The critical point is that the work we do affects how we think about the gain we get. When we are working “as unto the Lord,” no matter if we’re cleaning the toilet in the principal’s office or emptying a bedpan of a dying patient on a cancer ward, as I did many times, when the one we are always working for is our Father in heaven, we feel that our “gain,” no matter how small is worth every effort we make.
It is when our focus turns to the fancy things that fulfill our earthly desires that we can become resentful because when we compare our lives with others, there will always be someone with more.
Interestingly, there are two points which Pastor Craddock draws from the example of Gehazi which I believe are crucial lessons for us today as well.
First, when you look at the “gain you are getting” for the work you do, as the pastor asks, “Can you speak of it with celebration and love with your own family? Will you still have the respect of your children (or those you love) when they learn about you?”
Second, as you look around you at the “things” your gain has helped you get, are you able to “say grace over your possessions? Can you bow your head and say a word of thanks? ‘Thank You God for this.’”
Just for a moment, put yourself in Gehazi’s sandals. Indeed, he may well have worked his fingers to the bone. It is very likely he was underpaid. Perhaps he had gone without on more than one occasion. But in his attempt to equalize the playing field, his desire for more placed him in a position where the gain he got wasn’t something he could tell others about. How could he share the fact that he had lied and stolen to get where he was? Worse yet, how could he ask God for His’ blessings on ill-gotten gain? Certainly gives me pause - for without God’s blessing on all the work I do, it seems pretty worthless in the end. May it be said of us, as was written about Brother Lawrence, “as he proceeded in his work, he continued his familiar conversation with his Maker, imploring His grace, and offering to Him all his actions.”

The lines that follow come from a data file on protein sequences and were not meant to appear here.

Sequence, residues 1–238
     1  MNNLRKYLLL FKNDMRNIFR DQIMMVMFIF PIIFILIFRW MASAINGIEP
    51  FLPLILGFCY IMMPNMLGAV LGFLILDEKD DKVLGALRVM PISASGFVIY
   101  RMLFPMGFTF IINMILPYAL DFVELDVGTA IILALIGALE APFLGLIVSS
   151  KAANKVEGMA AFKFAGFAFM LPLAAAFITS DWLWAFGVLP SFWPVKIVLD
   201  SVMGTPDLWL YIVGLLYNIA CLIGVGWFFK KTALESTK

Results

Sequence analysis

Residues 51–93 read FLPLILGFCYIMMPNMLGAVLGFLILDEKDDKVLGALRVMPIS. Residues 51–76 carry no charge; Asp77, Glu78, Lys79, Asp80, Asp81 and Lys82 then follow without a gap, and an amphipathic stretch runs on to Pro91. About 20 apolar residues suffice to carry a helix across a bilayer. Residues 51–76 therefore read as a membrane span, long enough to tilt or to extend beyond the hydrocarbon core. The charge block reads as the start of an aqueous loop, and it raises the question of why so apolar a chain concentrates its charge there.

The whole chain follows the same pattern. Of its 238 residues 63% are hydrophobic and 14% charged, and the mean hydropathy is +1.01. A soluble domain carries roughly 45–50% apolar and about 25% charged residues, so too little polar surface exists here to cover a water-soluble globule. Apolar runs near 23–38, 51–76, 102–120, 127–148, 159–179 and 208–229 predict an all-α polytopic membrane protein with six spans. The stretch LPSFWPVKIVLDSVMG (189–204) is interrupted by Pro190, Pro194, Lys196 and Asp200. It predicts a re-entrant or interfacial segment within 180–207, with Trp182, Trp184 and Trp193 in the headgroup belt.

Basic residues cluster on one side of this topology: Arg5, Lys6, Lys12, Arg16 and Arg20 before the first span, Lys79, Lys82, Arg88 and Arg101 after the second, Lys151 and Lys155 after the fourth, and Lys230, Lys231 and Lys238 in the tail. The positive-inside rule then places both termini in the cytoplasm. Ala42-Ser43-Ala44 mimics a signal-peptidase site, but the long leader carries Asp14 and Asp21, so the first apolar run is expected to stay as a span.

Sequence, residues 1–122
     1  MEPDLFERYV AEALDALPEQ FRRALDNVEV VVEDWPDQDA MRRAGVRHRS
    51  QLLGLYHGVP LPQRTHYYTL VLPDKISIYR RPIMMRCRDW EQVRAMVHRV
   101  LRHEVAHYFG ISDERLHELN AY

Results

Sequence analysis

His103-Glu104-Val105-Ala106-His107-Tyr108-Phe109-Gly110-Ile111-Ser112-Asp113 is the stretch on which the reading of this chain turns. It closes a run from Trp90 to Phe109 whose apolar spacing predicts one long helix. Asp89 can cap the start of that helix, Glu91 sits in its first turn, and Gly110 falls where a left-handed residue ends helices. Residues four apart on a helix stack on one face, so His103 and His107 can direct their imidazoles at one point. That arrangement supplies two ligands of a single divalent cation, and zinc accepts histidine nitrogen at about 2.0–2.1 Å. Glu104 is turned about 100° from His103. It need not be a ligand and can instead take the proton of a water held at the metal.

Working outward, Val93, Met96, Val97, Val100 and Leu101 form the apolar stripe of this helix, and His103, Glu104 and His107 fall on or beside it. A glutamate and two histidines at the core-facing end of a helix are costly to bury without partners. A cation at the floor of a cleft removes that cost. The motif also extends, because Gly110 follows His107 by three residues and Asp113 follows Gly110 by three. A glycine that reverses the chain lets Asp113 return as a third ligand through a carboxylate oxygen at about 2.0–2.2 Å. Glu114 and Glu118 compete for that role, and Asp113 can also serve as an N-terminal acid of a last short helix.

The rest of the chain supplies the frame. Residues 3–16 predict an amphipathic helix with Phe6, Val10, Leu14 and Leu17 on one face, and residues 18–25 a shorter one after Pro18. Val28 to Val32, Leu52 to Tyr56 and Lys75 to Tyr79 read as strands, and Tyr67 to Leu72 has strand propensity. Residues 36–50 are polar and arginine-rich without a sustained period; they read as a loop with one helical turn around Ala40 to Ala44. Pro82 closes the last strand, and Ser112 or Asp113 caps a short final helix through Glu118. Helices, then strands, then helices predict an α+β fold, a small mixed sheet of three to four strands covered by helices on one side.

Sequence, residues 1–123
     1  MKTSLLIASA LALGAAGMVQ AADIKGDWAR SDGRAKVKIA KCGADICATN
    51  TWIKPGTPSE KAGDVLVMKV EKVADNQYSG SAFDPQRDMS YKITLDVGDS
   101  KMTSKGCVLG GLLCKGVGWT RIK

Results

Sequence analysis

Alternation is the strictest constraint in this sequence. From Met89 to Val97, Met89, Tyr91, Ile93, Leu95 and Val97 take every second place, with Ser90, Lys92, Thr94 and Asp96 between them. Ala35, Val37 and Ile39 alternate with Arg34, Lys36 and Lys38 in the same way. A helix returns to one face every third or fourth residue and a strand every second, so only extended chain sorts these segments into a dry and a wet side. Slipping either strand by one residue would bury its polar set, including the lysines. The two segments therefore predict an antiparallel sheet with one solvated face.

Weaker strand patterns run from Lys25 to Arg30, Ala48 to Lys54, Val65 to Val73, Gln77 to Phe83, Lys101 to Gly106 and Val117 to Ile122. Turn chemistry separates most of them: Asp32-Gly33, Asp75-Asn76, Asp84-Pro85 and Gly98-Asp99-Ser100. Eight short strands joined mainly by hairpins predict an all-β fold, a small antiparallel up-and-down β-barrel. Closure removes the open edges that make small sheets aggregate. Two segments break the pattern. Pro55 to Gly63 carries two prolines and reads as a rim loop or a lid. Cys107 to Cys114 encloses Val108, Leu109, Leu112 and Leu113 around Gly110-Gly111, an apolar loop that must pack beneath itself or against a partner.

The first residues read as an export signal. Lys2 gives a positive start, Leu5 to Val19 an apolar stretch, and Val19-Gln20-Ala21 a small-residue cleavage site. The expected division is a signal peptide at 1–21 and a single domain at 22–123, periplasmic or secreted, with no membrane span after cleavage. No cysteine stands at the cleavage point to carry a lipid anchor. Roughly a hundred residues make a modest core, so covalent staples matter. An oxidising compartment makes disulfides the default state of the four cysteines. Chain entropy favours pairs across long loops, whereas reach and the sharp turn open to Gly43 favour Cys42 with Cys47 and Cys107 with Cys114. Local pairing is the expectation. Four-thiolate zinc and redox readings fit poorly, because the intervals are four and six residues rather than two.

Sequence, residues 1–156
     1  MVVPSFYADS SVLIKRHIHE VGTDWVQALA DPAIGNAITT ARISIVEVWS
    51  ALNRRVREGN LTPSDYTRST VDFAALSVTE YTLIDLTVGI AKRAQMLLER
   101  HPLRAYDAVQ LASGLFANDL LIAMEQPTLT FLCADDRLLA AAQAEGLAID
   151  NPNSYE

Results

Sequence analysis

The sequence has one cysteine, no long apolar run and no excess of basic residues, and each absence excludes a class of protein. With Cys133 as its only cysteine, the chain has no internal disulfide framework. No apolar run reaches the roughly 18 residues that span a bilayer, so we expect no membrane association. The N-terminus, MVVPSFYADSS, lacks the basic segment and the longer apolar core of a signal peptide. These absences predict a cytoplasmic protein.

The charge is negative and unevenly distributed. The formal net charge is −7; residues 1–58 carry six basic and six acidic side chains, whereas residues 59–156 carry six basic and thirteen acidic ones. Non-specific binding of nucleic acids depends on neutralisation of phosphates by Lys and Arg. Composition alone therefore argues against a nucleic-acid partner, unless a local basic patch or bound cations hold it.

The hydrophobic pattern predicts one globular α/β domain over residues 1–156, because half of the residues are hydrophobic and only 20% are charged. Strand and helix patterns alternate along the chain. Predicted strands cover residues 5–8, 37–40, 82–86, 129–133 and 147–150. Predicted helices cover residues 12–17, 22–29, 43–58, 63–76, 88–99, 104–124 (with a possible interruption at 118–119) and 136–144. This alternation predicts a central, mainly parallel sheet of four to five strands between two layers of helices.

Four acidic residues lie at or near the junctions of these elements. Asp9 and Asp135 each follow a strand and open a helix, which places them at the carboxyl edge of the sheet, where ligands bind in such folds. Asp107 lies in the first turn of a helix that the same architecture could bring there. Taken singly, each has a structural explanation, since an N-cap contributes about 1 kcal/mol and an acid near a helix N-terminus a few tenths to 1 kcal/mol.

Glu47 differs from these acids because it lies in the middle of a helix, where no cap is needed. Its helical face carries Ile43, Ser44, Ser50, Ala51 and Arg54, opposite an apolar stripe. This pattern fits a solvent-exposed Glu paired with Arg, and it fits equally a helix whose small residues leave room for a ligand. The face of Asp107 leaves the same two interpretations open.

No matter what task we are given to do, may we never devalue the work of our hands and minds, for when done unto God, no greater gift can be ours. As the great reformer Martin Luther penned many years ago, “A dairy maid can milk cows to the glory of God.”
It was author John Dawson who wrote in his book, God In The Workshop, penned in 1868, “If your business be lawful, if you are where God would have you to be, whatever your occupation, there is nothing in it at all incompatible with a pure heart, a character unsullied, and a life regulated by the fear of God.” This is God’s glory revealed in the gain we get when we work.
“You will become a saint by complying exactly with your daily duties.”
Mary Joseph Rossello
“O God, who has commanded that no one should be idle,
Give us grace to employ our talents and faculties in the
service appointed for us, that whatever our hand finds to do,
we may do it with our might.
In The Knowledge of Thy Presence
“Dates and times;
Appointments to be kept;
Meetings to attend;
Anniversaries to remember;
All tightly scheduled
To fill the day.
The diary tells it all.
It tells of how we use our time,
Of how we fill the hours
And wish we had some more.
Hardly a moment to ourselves;
Almost always under pressure;
Often we drive too fast.
We feel that we are caught-
In the little pages
Of our life’s day.
Set us free within the daily round;
Free to do our work
Without a sense of burden
Or of constant rush and pressure
To get done.
Set us free to live our life
With joy and gladness
In the knowledge of Your presence
Everywhere we go.”
Dorothy Valcàrcel, Author
When A Woman Meets Jesus
P.S. Over the past few weeks, because of the generous outpouring of gifts from God’s “Garden daughters and sons,” we were able to complete our current projects and send 10,000 bookmarks to Papua New Guinea. We also sent 500 bookmarks in the Hindi language to Northern India. Thank you. Now we are undertaking the challenge of sending bookmarks to Russia, Lithuania and Brazil and to several domestic abuse shelters here in the United States.
My book, When A Woman Meets Jesus, is available wherever books are sold and on the internet at www.amazon.com, and www.Christianbook.com, or by calling toll-free, 1-800-Christian. You may also call Transformation Garden at 480-349-8619.
For more from Dorothy, please visit transformationgarden.com.